Dr Terror’s House of Horrors 1965 REVIEW

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Dr Terror’s House of Horrors 1965 is the first of the Amicus anthology horrors, delivering a train ride of spooky fun, says DAVID SAUNDERSON

Dr Terror's House of Horrors

Title: Dr Terror’s House of Horrors
Released: 5 February 1965
Director: Freddie Francis
Cast: Peter Cushing, Christopher Lee, Max Adrian, Ann Bell, Peter Madden, Roy Castle and Donald Sutherland

Dr Terror’s House of Horrors 1965 Review

Dr Terror’s House of Horror is the first of Amicus Productions’ legendary portmanteau films – taking a range of short horror stories and wrapping them into one film.

Great horror stars like Peter Cushing, Christopher Lee and Michael Gough took a vacation from their duties at the House of Hammer during the mid 1960s to take part in Milton Subotksy’s train ride of horror fun.

The idea for the film had begun in the late 1940s, when Subotsky saw Dead of Night (1945), the legendary British portmanteau horror film which he believed was the greatest of all time. Subotsky originally considered it to become a television series but turned it into a film instead.

Directed by Freddie Francis, Dr Terror’s House of Horrors tells five short stories, born out of tarot predictions by the mysterious Dr Schreck (Peter Cushing). (Schreck is the German word for “fright” or “terror”!)

Sharing a carriage on a train journey, metaphysician Dr Schreck tells his fellow passengers that the tarot deck can reveal their futures and how to change these futures. As in any horror film, the futures are not happy ones.

Each of the five horror yarns is short and snappy; they are more fun than horrific. They are:

Werewolf: An architect (Nick McCallum) returns to his old family home in Scotland and discovers an ancient werewolf out for revenge.

Creeping Vine: A man (Alan Freedman) returns with his family from holiday to discover a fast-growing and violent vine in their garden.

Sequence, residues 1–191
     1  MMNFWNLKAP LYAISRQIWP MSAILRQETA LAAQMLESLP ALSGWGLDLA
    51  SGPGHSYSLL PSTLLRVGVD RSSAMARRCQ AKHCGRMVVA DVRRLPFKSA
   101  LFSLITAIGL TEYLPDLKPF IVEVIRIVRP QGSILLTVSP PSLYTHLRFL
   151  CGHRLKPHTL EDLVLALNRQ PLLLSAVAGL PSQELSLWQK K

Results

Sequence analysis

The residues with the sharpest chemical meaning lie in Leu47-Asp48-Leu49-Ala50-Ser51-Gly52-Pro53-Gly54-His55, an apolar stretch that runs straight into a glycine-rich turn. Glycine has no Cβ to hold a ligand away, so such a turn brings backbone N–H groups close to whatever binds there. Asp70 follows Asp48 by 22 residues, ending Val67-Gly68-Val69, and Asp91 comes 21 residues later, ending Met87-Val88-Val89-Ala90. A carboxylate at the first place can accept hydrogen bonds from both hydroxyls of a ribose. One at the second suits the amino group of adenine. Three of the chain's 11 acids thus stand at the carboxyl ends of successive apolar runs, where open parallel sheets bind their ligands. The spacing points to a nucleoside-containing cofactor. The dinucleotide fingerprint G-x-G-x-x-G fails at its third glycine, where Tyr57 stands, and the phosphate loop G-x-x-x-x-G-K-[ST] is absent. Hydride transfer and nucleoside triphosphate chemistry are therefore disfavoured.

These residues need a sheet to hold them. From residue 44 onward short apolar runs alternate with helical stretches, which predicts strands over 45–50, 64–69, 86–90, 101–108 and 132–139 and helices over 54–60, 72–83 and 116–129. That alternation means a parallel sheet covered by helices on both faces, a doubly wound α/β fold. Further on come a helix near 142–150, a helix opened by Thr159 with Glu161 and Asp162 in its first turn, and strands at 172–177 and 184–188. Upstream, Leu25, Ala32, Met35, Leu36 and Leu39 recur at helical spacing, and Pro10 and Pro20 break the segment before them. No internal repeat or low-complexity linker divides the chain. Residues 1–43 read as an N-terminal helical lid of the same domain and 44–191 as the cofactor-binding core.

Voodoo: A jazz musician (Roy Castle) accepts a gig in the West Indies and along the way steals a tune from a local voodoo ceremony.

Disembodied Hand: A pompous art critic (Christopher Lee) is humiliated by one of the targets of his criticism.

Vampire: A newly-married doctor (Donald Sutherlan) suspects his wife of being a vampire.

In this day and age, they would be considered quite silly. Dr Terror’s House of Horrors could easily be shown on a Saturday afternoon on television.

From vampires to bodiless hands to voodoo gods to murderous plants to Scottish werewolves, Dr Terror’s House of Horrors has something for everyone.

The outcomes are quite predictable but the sheer nonsense and audaciousness of the subjects make this a very watchable horror.

Dr Terror’s House of Horrors may not be the greatest horror film of all time, but in terms of horror fun, it is one of the best.

6 Things you didn’t know about Dr Terror’s House of Horrors

  1. Dr Terror’s House of Horrors began filming at Shepperton Studios on 25 May 1964 and was completed on 3 July 1964. It cost £105,000 to make.
  2. The film is the movie debut of Roy Castle, who went on to star alongside Peter Cushing again the same year in Doctor Who and the Daleks (1965).
  3. Dr Schreck’s card deck is the 1930 Paul Marteau version of the Marseille Tarot, based on 1760 woodblocks by Nicolas Conver.
  4. While the film implies the Death Card predicts something bad on its way, in real Tarot, the 13th card is actually indicates positive change in one’s life.
  5. Actor Donald Sutherland was paid £1000 for his role. Kenny Lynch, who appeared in the Voodoo section of the film, said that Sutherland hated the film.
  6. A scene from the film appears on the front of The Movie Treasury: Horror Movies by Alan G. Frank.

Have you seen Dr Terror’s House of Horrors? Tell us what you think in the comments section below!

Watch Dr Terror’s House of Horrors 1965 Trailer


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